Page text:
The size of the new venue in Dublin 4 has already caused some disquiet, as has the fact that both governing bodies, the IRFU and the FAI, are locked in to deals which prevent them from playing home ties anywhere else for the next 10 years.
That means that for a full decade the bigger games, such as the Ireland-England Six Nations clash and major soccer qualifiers cannot be switched to the 60% larger Croke Park nomatter what the demand levels are.
This will see thousands of disappointed fans missing out on attending their favourite events and will see the 2 sports associations at teh Aviva Stadium missing out on almost 2-million in ticket sales over the 10 years amounting to losses of up to €100million at today’s average ticket prices.
According to this morning’s Irish Times, the IRFU have increased the price of a ticket by 18.75% versus the last time we played France and England at Croke Park.
Obviously the tooth fairy is still alive and well at Rugby headquarters. EDIT: sorry I meant the celtic tiger is still alive andwell at Rugby headquarters.
The Irish Times points out that the most expensive ticket, outside the premium and corporate levels, for next Saturday’s Six Nations clash with France is €95, an 18.75 per cent increase for the same seat (€80) two years ago when the Ireland rugby team played their first international at GAA headquarters, coincidentally against the French.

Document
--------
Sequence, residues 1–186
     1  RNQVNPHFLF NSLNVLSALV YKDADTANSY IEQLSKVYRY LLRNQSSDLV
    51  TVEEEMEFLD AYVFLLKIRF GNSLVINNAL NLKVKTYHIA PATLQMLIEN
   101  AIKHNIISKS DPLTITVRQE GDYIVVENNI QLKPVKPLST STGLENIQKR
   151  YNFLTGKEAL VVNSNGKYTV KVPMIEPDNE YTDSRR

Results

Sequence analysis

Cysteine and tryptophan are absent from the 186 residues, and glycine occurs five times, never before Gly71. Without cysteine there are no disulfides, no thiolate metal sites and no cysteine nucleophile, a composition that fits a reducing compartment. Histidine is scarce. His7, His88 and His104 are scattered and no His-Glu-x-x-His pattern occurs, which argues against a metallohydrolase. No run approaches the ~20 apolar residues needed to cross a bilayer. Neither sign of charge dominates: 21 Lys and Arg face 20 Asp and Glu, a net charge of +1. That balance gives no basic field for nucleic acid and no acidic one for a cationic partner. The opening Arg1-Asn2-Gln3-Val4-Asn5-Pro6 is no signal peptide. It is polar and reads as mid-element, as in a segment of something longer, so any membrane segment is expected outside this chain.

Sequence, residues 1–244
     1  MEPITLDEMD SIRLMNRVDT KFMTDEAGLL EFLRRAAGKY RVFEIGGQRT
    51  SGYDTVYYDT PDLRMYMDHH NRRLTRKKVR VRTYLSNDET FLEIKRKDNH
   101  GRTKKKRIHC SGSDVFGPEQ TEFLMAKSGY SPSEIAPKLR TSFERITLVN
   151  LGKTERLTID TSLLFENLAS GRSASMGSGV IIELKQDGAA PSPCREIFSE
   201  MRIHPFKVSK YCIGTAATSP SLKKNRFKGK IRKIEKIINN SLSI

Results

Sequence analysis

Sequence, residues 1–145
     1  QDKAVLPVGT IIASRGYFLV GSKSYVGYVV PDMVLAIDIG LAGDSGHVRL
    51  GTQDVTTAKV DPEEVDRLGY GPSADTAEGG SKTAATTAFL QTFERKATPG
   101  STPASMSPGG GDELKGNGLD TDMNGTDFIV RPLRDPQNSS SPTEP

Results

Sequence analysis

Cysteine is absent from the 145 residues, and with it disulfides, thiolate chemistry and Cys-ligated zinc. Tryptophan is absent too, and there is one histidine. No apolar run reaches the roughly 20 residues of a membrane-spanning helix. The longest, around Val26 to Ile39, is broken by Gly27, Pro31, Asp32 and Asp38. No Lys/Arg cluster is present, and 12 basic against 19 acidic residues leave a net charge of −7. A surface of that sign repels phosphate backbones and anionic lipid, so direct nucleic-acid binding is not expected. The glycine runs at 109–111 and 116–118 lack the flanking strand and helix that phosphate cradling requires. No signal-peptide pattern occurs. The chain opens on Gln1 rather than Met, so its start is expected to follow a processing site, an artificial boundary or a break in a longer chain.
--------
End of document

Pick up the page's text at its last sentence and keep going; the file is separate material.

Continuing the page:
The decision taken by the IRFU is in marked contrast to the policy adopted by the FAI and GAA. Peter Sherrard, the FAI’s director of communications explained: “We have given an undertaking to maintain our current price levels until at least 2012 in recognition of the current economic climate and as a thank you for the loyalty of the fans.”
GAA spokesman Fergal McGill pointed out: “Our attitude is the same as everyone else’s really in that we are taking into account the economic realities. Out last price increase was in 2007 and we have no plans to increase prices this year.”
The comparison of ticket prices between the three national sporting bodies doesn’t take into account the fact the IRFU must completely fund professional and amateur rugby alike. They pay the salaries of the professional players while also underpinning the club, youth and schools sections.
The IRFU’s commercial and marketing director, Padraig Power, pointed out: “The vast majority of tickets we have sold for the home Six Nations matches were purchased as part of packages. Ireland’s games against New Zealand and France were paired as were those of Argentina and England. If supporters bought one or both of those packages then the cost of a stand ticket works out at €85.
Well, a new year is upon us and the 6-nations Rugby season is fast approaching.
Every year I struggle to remember who is playing who ….and when! My lack of attention even meant I got married on the day that Ireland beat England at Twickenham in 2006 to win the Triple Crown, now no self respecting Irish Rugby fan would deliberatley plan that, would he?
Since then I’ve taken note of all the 6 nations fixtures very early so that if I’m planning anything, I’ll be aware of any clashes.
For anyone with a similar disposition, here is the full 2009 fixtures list: Continue reading →